• Joe Winslow

Selecting an A/E Firm


In an increasingly commoditized world of architectural/engineering firms that design and build pharmaceutical manufacturing facilities, how can facility managers be sure that they are getting an A&E firm that will produce a design that will work for them now and in the future? It comes down to experience versus expertise.

Perusing the world wide web using search terms such as pharmaceutical or biotech facility design results in more results (2 million plus) than the busy pharmaceutical plant manager has time to examine and analyze. Chances are that the renovation or greenfield project is just one of a myriad of tasks on the plate of the plant professional tasked with making it happen. Finding the best partner to engage in designing and constructing your project can seem a little overwhelming at first. All, or at least most, of the A&E firms claiming to offer this type of specialized design have project examples on their website, resumes of competent design professionals, and business development managers who will tell you that they are the best at what they do. But how do you really decide?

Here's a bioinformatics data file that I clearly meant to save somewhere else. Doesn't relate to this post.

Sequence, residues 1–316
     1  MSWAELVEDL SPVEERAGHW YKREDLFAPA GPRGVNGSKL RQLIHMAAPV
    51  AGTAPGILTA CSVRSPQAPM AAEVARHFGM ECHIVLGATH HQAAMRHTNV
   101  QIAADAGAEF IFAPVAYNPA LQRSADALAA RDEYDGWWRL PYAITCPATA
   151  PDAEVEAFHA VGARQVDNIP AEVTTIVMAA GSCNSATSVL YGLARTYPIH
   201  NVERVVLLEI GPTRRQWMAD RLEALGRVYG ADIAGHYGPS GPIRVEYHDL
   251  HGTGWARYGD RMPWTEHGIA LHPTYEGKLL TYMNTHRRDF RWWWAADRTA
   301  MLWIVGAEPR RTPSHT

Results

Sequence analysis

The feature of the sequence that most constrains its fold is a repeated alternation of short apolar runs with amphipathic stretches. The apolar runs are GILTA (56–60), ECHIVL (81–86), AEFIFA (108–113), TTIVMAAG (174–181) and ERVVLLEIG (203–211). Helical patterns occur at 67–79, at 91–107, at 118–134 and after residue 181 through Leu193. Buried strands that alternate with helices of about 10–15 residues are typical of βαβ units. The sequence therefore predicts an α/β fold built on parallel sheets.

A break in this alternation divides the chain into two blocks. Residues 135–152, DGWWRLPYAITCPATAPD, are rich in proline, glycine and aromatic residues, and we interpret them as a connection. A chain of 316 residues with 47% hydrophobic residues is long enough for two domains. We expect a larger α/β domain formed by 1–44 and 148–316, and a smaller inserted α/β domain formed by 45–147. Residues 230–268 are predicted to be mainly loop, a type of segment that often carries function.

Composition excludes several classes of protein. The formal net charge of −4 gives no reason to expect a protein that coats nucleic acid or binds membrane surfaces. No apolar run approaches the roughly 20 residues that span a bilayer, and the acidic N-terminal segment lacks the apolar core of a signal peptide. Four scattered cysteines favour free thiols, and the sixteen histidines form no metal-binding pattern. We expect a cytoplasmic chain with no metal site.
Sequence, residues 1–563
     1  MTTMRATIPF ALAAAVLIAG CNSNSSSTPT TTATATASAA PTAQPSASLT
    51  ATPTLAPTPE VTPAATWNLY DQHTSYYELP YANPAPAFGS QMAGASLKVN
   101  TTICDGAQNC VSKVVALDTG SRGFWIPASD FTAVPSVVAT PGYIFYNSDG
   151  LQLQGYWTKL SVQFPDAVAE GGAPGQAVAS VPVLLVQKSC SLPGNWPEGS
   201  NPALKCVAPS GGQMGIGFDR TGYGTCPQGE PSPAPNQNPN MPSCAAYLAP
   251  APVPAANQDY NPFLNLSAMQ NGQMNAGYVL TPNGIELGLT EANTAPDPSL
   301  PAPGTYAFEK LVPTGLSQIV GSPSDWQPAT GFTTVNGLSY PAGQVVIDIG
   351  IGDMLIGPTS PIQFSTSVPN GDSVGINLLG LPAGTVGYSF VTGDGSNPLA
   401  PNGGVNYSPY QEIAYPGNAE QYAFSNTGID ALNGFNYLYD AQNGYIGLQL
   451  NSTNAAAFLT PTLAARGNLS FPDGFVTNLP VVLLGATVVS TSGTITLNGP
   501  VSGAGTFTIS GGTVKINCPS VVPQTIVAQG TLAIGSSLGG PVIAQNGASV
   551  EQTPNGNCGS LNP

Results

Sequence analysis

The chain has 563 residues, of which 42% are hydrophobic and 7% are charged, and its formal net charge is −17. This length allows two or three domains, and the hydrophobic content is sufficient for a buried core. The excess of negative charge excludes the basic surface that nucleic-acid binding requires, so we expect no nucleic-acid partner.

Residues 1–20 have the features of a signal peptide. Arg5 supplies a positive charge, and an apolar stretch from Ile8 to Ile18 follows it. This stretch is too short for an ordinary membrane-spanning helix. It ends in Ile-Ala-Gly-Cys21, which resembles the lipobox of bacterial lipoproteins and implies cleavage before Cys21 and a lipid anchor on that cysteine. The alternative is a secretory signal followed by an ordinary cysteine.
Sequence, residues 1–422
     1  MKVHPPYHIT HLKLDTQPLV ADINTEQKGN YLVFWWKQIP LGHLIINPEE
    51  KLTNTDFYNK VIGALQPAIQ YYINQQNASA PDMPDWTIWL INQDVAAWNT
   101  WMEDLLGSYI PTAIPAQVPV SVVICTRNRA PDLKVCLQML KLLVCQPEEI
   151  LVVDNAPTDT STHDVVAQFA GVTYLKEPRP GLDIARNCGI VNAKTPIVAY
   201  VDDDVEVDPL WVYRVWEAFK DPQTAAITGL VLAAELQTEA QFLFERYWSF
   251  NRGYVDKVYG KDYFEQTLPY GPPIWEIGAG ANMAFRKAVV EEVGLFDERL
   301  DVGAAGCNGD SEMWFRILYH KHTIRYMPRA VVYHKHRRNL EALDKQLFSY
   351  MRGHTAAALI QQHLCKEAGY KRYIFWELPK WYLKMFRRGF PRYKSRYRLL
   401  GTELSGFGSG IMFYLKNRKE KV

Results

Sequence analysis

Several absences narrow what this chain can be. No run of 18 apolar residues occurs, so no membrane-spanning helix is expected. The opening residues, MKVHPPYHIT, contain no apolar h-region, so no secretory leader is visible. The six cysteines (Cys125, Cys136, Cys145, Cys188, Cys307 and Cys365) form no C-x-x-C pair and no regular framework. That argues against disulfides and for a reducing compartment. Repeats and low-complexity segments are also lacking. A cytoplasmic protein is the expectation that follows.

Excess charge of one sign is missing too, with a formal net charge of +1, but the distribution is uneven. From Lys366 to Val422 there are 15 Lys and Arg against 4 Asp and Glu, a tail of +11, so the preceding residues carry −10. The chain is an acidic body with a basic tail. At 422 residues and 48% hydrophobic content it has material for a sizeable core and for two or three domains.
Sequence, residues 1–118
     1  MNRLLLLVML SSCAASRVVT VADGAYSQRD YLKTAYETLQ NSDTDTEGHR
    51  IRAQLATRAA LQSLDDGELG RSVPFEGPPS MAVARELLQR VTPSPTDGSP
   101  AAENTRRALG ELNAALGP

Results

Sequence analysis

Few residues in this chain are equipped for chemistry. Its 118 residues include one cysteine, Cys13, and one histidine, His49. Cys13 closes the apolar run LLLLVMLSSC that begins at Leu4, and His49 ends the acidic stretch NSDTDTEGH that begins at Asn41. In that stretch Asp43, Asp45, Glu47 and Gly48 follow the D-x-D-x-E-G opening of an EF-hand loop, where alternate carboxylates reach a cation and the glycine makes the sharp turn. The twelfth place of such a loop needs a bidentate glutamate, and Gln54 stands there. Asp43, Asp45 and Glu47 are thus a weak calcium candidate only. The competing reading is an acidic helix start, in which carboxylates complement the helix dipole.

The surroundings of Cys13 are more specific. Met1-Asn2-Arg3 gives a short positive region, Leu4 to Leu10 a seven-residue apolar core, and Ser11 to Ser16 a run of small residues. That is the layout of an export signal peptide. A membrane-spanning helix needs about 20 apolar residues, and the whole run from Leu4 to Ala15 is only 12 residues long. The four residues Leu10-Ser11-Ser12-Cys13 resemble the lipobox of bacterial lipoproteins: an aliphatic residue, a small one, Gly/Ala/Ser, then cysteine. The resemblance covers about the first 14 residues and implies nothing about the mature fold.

You could ask another facility manager you know who they used on their last project and whether they did a good job. This kind of anecdotal evidence is useful, but it should be coupled with other criteria. After all, the project is more consequential to you and your company than anyone else, so what worked for a different project, in a different facility and possibly in another part of the country, may not be an ideal fit for your project.

You could also interview the big names in the Life Sciences design industry because that is what everyone does, so what is the worst that could happen? This too is short sighted for a few reasons. Big firms also have big overhead, so to pay for that, they hire young engineers and architects with lower salaries and large multipliers to contribute to the bottom line. So, while the big guys may come in and flaunt their vast expertise and knowledge, your project may not end up with those “A players” because they must compete on price.